For four months of their last year of high school, 60 students from south Auckland, New Zealand, opted to spend the little free time they had between school, work, and family responsibilities doing something they’d never done before: developing and performing in a musical based on their own lives. South Auckland, or Southside, is home to a large Pasifika community and the subject of long-held negative stereotypes. Produced by the Black Friars Theatre Company in collaboration with its teenaged performers, Southside Rise was created to counter the prevalent perceptions of Southside without shying away from the harsh realities many of its young residents face, from providing and caring for their families to homelessness.
Michelle Johansson, the founder and Creative Director of the Black Friars and an Associate Director of Programme at Teach First NZ: Ako Mātātupu, is driven by the need for more of what she calls “polycultural leaders”* in South Auckland and an increased understanding of the Pasifika community’s many strengths. The Black Friars began developing Southside Rise by listening to the stories of local high schools students through a series of talanoa, a Pasifika tradition in which the act of storytelling is as important as the stories themselves. The talanoa were followed by additional workshops with students from nearly a dozen schools, including several Teach First NZ partner schools.
Michelle, Denyce Su'a—a Black Friars member who is also a Teach First NZ Fellow—a third co-writer, and a music director, wove the students’ stories and experiences into the script for Southside Rise. In collaboration with the other Black Friars and the students, they incorporated singing, dancing, music, and spoken word—all heritage literacies in Pasifika culture—into the production. The show also included a healthy dose of humor, which underscored both the characters’ and the performers’ capacity to thrive despite (or perhaps because of) their challenging circumstances.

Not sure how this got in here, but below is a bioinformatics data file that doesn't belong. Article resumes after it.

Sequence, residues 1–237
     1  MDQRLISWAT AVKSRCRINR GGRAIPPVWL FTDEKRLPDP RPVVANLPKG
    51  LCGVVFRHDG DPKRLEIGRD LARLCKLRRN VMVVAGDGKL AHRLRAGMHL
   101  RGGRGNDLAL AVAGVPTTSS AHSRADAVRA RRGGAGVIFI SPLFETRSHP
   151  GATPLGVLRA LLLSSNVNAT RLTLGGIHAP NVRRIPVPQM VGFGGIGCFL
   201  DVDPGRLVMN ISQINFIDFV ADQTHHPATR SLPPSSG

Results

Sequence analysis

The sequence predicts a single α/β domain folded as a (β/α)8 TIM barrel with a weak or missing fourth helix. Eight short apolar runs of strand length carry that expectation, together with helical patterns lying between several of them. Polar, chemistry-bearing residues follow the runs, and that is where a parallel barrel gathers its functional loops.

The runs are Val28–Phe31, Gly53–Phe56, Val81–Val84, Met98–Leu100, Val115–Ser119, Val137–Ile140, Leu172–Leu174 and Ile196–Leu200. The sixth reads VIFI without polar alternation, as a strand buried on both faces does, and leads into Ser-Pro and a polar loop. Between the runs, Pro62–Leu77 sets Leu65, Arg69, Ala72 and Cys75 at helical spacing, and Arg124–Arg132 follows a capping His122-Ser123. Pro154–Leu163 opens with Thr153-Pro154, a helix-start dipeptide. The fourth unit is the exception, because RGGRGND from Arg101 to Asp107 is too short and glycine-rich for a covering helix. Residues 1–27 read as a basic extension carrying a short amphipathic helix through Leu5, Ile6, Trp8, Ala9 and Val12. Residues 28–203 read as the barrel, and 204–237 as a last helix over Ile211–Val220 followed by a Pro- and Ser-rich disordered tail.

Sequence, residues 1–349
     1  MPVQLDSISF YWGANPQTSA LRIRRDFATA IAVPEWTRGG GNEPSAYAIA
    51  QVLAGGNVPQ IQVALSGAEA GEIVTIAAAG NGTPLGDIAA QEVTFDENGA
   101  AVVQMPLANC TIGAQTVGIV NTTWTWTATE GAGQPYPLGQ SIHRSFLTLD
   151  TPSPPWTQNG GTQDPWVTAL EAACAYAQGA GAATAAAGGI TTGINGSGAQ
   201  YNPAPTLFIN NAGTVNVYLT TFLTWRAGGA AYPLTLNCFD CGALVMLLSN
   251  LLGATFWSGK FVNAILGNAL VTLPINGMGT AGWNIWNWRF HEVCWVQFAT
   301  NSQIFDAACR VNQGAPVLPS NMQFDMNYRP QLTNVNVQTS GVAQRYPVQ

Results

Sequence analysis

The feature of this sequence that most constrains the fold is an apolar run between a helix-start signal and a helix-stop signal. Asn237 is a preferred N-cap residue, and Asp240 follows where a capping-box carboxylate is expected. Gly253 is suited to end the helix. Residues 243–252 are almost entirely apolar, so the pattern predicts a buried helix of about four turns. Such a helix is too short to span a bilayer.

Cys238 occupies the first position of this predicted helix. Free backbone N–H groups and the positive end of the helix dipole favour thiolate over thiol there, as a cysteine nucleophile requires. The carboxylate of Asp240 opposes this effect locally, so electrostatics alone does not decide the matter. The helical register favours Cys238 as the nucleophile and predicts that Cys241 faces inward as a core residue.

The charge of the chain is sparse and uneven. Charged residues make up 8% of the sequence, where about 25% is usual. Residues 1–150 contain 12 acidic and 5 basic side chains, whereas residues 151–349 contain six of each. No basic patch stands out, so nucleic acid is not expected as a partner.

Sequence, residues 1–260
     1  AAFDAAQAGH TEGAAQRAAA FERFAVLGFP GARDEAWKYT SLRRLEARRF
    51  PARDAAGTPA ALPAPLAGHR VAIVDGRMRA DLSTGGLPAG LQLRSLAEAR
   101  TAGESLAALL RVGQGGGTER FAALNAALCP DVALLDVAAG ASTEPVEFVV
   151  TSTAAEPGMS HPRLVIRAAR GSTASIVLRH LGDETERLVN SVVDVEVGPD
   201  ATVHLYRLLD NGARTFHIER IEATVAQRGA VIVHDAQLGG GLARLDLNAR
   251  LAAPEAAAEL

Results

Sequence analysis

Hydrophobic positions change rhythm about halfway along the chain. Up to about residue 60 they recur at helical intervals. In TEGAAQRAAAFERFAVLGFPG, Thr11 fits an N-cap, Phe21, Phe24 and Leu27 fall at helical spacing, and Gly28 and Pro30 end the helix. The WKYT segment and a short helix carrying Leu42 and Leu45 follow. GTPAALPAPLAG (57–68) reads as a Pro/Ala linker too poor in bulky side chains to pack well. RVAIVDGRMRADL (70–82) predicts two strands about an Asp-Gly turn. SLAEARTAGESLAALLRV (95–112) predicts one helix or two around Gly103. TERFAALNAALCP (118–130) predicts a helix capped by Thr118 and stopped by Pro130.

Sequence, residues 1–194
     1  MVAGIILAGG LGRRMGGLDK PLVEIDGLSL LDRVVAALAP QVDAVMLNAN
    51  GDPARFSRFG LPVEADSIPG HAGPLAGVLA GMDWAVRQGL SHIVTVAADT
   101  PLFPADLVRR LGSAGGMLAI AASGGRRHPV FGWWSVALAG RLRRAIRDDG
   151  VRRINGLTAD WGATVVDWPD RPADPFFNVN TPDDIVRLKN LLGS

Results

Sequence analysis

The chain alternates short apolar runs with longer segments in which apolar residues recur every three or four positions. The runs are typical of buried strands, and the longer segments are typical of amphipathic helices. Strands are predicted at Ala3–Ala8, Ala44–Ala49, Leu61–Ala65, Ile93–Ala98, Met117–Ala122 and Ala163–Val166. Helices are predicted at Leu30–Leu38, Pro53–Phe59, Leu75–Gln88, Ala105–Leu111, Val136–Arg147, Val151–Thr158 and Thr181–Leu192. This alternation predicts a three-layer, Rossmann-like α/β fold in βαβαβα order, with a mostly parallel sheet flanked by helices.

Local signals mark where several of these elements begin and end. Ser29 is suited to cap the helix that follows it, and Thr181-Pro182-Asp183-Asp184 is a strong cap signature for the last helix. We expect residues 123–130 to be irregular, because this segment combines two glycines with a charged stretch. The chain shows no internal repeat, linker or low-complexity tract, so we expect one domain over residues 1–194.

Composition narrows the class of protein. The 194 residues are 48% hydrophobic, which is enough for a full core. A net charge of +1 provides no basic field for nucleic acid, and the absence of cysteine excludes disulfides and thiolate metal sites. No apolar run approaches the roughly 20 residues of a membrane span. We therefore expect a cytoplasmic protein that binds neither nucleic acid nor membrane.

For its young performers, Southside Rise offered a way to use their own stories and experiences to break down stereotypes associated with their community. “It made me more proud to be where I am from,” explained 17-year-old Jasmine. “I already loved being from Southside, but doing the show just made me love it even more.”
The hard work of rehearsing and performing in front of sold-out crowds had a powerful effect on the students’ belief in their own talent and abilities. “In our schools we tend to laugh at people when they start to act. We try to make them laugh when they’re actually trying to be serious,” shared Nate, also 17. “But this production has given me more confidence, and I feel I can act in front of everyone.”
“So many people came up to us after the show and told us how much they enjoyed it and that we are actually good at performing our own stories,” added Puni. “So it gave us the sense that this is something that we can actually do and make a living.”
Michelle, Denyce, and their Black Friars colleagues have remained mentors to the performers since the final production of Southside Rise in July. Their hope is that participating in the project will continue to inspire the students to hold high expectations of themselves and pursue their dreams. Many of the students plan to go on to university, with aspirations to study drama, and maybe even join the Black Friars someday. In the meantime, their Southside Rise experience won’t be soon forgotten.
“It was probably the height of my life,” shared Levi. “It was the most awesome thing, probably the most memorable thing that I’ve ever come across.” His 59 fellow castmates would most certainly agree.
Learn more about Teach First NZ: Ako Mātātupu.
* The term “polycultural” is used by Dr Karlo Mila-Schaaf to refer to cultural capital where the term “polycultural capital…is coined to describe a theoretical construct which describes the potential advantage Pacific second generation (New Zealand born) may experience from on-going exposure to culturally distinctive social spaces” (Mila-Schaaf, 2010)